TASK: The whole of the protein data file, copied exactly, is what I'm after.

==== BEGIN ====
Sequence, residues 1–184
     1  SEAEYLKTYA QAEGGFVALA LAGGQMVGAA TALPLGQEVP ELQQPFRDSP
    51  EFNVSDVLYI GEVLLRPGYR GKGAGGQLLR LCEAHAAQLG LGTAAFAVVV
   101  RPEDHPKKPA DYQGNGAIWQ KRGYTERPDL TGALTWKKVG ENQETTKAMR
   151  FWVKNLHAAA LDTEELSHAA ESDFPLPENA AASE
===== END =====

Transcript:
Sequence, residues 1–184
     1  SEAEYLKTYA QAEGGFVALA LAGGQMVGAA TALPLGQEVP ELQQPFRDSP
    51  EFNVSDVLYI GEVLLRPGYR GKGAGGQLLR LCEAHAAQLG LGTAAFAVVV
   101  RPEDHPKKPA DYQGNGAIWQ KRGYTERPDL TGALTWKKVG ENQETTKAMR
   151  FWVKNLHAAA LDTEELSHAA ESDFPLPENA AASE